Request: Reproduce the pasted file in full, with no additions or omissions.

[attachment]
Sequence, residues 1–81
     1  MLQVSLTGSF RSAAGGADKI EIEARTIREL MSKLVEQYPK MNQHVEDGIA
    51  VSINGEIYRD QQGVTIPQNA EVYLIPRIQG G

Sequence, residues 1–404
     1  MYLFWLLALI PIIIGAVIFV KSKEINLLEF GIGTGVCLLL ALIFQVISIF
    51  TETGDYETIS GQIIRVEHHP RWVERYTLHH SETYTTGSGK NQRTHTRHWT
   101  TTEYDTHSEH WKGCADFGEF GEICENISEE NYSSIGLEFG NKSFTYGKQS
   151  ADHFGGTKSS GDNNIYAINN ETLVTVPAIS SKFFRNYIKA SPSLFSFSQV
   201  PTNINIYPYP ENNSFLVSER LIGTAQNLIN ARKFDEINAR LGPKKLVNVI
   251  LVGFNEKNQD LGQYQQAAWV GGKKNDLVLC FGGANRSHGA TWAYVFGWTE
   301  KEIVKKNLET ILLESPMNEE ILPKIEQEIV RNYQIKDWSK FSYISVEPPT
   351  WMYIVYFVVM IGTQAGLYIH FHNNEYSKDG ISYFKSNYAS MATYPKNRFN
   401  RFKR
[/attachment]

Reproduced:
Sequence, residues 1–81
     1  MLQVSLTGSF RSAAGGADKI EIEARTIREL MSKLVEQYPK MNQHVEDGIA
    51  VSINGEIYRD QQGVTIPQNA EVYLIPRIQG G

Sequence, residues 1–404
     1  MYLFWLLALI PIIIGAVIFV KSKEINLLEF GIGTGVCLLL ALIFQVISIF
    51  TETGDYETIS GQIIRVEHHP RWVERYTLHH SETYTTGSGK NQRTHTRHWT
   101  TTEYDTHSEH WKGCADFGEF GEICENISEE NYSSIGLEFG NKSFTYGKQS
   151  ADHFGGTKSS GDNNIYAINN ETLVTVPAIS SKFFRNYIKA SPSLFSFSQV
   201  PTNINIYPYP ENNSFLVSER LIGTAQNLIN ARKFDEINAR LGPKKLVNVI
   251  LVGFNEKNQD LGQYQQAAWV GGKKNDLVLC FGGANRSHGA TWAYVFGWTE
   301  KEIVKKNLET ILLESPMNEE ILPKIEQEIV RNYQIKDWSK FSYISVEPPT
   351  WMYIVYFVVM IGTQAGLYIH FHNNEYSKDG ISYFKSNYAS MATYPKNRFN
   401  RFKR